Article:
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Imagine I start using an ontology because it provides some useful vocabulary to describe an object I'm interested in, e.g. FOAF to describe a Person (me). I immediately run into two problems. I come across another ontology that also has vocabulary describing a Person.

Issue 1: Some of these terms are functionally equivalent or related, but I don't want to be bothered wrapping both ontologies around the same object,

<span property="foaf:name"><span property="dc:creator">Carl Boettiger</span></span>

Because that's cumbersome and seems to ignore the entire idea of linked data, which should presumably be smart enough to know that a dc:creator is also a foaf:person. So what's the correct way to to do this? How can I confirm the relationship between these objects (e.g. presumably not all foaf:person should be dc:creator. Is it said somewhere on the Semantic Web that dc:creator is a subset of foaf:person? Do I need to link to such a statement somehow? Can you point me to where?

Issue 2: The vocabulary in one ontology isn't sufficient for my purposes, so I need to use the vocabulary from another one. For instance, FOAF, to my knowledge, doesn't provide me a way to state my organization, location, or role (which GoogleSnippets seems to think are required fields to be a valid person). So I go and find a handy ontology, say the one that Google suggests, http://rdf.data-vocabulary.org, which has these terms. Now again I have the closely related problem of making sure that the two ontologies agree on what a person is:

<div typeof="foaf:Person">
  <span property="foaf:name">Carl Boettiger</span> is a <span property="v:role"> graduate student </span>
</div>

v:role has it's own idea of what it belongs to, a typeof="v:Person. Do I need to add this typeof declaration as well? Do I then need to do something to say it is the same as foaf:Person, and indeed that v:role and foaf:name both describe the same thing (me)?

Many thanks for clarifying my befuddlement.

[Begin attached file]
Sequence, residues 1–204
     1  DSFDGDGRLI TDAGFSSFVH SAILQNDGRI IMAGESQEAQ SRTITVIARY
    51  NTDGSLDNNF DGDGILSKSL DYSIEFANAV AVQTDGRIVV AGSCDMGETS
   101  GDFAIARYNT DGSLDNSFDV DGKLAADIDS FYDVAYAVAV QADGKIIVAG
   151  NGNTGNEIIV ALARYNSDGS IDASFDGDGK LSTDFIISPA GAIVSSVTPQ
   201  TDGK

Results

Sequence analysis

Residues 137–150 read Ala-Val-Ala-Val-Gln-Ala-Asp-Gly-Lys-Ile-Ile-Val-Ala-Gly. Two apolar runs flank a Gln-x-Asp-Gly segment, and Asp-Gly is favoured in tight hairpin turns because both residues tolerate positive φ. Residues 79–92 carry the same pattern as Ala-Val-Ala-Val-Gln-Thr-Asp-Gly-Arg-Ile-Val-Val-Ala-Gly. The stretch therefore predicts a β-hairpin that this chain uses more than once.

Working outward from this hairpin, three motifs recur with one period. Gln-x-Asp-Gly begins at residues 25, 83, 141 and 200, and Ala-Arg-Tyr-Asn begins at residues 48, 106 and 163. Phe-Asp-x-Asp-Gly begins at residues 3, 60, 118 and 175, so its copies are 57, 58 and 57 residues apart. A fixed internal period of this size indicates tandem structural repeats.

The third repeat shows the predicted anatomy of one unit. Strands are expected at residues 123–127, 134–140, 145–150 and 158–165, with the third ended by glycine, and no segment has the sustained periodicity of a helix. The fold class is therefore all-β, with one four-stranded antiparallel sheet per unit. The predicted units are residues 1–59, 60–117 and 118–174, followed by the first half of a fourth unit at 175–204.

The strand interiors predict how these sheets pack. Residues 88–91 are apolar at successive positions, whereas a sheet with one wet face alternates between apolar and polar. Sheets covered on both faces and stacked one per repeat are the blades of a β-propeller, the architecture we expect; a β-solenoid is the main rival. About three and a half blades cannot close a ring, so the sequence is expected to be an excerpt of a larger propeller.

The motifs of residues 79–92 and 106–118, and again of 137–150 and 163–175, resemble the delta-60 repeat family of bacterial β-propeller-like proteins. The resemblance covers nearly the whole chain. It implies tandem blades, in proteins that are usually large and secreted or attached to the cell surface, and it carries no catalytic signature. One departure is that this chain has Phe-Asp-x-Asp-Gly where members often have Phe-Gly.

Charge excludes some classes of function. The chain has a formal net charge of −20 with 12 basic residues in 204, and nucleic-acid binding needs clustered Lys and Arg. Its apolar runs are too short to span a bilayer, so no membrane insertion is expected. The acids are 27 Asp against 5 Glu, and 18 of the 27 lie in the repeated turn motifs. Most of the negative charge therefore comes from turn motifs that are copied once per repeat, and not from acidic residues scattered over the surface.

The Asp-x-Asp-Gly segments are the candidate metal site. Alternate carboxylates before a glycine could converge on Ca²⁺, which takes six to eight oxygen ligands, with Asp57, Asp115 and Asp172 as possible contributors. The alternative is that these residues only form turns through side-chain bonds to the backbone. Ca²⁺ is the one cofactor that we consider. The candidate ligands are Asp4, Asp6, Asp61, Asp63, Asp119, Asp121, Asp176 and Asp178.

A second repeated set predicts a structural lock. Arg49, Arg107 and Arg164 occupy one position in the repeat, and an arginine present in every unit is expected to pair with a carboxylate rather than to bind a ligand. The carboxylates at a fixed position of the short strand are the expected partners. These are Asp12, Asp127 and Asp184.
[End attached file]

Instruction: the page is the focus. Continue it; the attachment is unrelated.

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1 Answer 1

up vote 4 down vote accepted

Be aware that foaf:Person is a type or class which in RDFa is expressed via the @typeof attribute. dc:creator, foaf:name, v:role on the other hand are properties which are placed in the @property attribute in RDFa. Typically you start by typing your object in your HTML (e.g. a Person) and then you give its attributes like name or role via properties. Types are usually starting with an upercase (foaf:Person), while properties start with a lowercase (foaf:name).

Issue 1: instead of adding a new span element for each new property, you can put all the properties inside the same property attribute separate with a space:

<span property="foaf:name dc:creator">Carl Boettiger</span>

Is it said somewhere on the Semantic Web that dc:creator is a subset of foaf:person?

First, the example is not really adequate, dc:creator being a property and foaf:Person a type, but let's imagine we're talking about foaf:Agent and foaf:Person, the foaf specification states that foaf:Person is a subclass of foaf:Agent: http://xmlns.com/foaf/spec/#term_Person - Vocabularies might define such relations. There are also cross vocabulary mappings which sometimes define the relations between classes and properties from various vocabs.

Do I need to link to such a statement somehow?

no, you typically don't have to do that.

Issue 2: note that http://rdf.data-vocabulary.org is deprecated in favor of the schema.org vocabulary: http://schema.org/docs/full.html and http://schema.rdfs.org/

Do I need to add this typeof declaration as well? Do I then need to do something to say it is the same as foaf:Person, and indeed that v:role and foaf:name both describe the same thing (me)?

In general when publishing data in HTML, you don't try to state equivalences between vocabularies, instead you publish with all the vocabulary terms that you think will be useful for the applications consuming your data, and it's easy to do so in RDFa since you can embed multiple types and properties inside a given @typeof or @property attribute.

<div typeof="foaf:Person v:Person">
  <span property="foaf:name v:name">Carl Boettiger</span> is a <span property="v:role"> graduate student </span>
</div>

Note that you can test your RDFa markup at http://rdfa.info/play/

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Thanks for the clarifications and a great answer. Sorry for my confusion between @property and a typeOf, that's a good distinction to know. But to properly address Issue 1, what's the correct way to show the connection between these; that is, that to state that the thing dc:creator happens to be also be foaf:Person with foaf:name "Carl Boettiger"? –  cboettig Oct 22 '12 at 21:30
    
Listing both vocabularies definitely seems the correct solution to issue 2, but it still begs the question in issue 1: why do I need to list both properties? Isn't it said somewhere on the web that foaf:name and v:name are different languages that mean the same thing? Having to explicitly translate the word "name" into every ontology I want to support feels like it defeats the purpose of the semantic web entirely. –  cboettig Oct 22 '12 at 21:34
1  
I think both of my additional questions are answered well here: answers.semanticweb.com/questions/19275 –  cboettig Oct 23 '12 at 17:57

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